Day 20

Sutra 1.20

श्रद्धावीर्यस्मृतिसमाधिप्रज्ञापूर्वक इतरेषाम्॥२०॥

śraddhā-vīrya-smṛti-samādhi-prajñā-pūrvaka itareṣām


  1. For the rest of us asamprajnata comes from faith, vigor, memory, absorption, and discerning intellect. -CT
  2. For the others, this asamprajnata samadhi could come through faith, vigor, memory, contemplation and discernment. – SS
  3. But, for others, the state where only subconscious impression remain is preceded by faith, vigor, memory, absorption and discernment.  – EBF


itaras—the rest of us, for others
pūrvaka—follows, preceded by
śraddhā—trust, faith
vīrya—tenacity, vigor
prajñā—assimilated knowledge, discerning intellect

Key Concepts:

Now Patanjali is pointing to the techniques needed, for the rest of us who are not avataras, to attain the state of samadhi that is without an object of contemplation. 

These techniques are further explained in the second chapter of The Yoga Sutras. 

Patanjali is saying that the only way to achieve this level of absorption is to have  faith and trust in something greater than yourself, the power of self to remain steadfast in ones journey of growth, to have a good memory of the mistakes you have made and the lessons you have learned, to be able and willing to control the mind to be one-pointed and the intellect to see clearly the real and unreal.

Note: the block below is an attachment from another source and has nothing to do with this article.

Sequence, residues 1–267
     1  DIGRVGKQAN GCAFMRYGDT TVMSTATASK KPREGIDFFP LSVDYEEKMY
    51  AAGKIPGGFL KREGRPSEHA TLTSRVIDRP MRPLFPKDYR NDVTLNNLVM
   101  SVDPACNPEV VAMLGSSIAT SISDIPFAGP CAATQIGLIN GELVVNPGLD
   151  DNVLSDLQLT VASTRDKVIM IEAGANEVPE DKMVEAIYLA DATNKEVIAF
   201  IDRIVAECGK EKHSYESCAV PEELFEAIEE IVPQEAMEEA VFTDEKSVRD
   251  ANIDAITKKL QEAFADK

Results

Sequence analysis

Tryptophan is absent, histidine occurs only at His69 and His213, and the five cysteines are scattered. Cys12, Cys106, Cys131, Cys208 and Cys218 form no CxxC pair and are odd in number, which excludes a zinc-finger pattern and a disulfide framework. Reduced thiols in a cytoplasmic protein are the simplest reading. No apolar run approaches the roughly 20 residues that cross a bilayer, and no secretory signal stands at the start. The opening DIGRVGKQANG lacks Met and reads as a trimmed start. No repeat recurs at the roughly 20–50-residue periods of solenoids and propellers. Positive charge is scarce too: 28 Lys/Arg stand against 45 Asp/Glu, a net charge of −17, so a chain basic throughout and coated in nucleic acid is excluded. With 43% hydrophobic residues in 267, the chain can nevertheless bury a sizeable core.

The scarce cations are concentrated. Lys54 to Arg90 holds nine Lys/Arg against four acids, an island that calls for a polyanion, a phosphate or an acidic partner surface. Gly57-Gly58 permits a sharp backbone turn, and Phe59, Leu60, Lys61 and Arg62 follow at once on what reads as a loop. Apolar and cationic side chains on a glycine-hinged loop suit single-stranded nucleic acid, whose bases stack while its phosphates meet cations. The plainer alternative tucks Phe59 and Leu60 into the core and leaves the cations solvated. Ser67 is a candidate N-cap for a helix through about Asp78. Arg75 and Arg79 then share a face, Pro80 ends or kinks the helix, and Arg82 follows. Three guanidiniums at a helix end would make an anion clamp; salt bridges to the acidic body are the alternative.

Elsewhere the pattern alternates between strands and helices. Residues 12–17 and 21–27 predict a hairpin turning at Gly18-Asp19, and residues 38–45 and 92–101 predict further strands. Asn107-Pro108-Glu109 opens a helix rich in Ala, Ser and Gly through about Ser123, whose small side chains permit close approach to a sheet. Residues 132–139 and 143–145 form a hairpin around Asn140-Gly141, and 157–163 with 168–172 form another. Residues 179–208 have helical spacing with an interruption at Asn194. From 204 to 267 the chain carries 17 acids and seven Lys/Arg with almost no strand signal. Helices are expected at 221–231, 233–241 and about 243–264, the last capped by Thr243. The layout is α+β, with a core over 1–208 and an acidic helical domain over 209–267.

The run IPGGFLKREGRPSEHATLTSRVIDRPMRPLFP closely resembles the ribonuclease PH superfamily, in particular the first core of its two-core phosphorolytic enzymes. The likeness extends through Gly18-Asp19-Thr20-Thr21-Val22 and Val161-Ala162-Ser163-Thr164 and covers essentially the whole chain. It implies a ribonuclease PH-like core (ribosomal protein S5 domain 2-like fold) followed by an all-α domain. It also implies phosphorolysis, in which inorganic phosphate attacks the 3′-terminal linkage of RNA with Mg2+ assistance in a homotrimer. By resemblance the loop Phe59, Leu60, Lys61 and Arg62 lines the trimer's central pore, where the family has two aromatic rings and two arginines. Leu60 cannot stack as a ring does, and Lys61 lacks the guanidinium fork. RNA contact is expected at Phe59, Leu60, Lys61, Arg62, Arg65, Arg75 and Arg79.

Faith here means clarity of mind. When you see clearly you understand what merits your trust.

This is why I have asked you so many times “How do you understand the cosmology of the universe?” 

It is critical that you are familiar with your own understanding of creation. 

I think it is far less important the details of your understanding than that you have that understanding itself. 

What is it that you believe? What is the metaphysical construction of the universe? What is Divine? Where do you fall into the Divine Plan? What do you have faith in? What can you put your trust in?

Faith is the belief in the goal of the enterprise. It is required for the yogin. Faith is like a mother, supporting the yogin to the very end.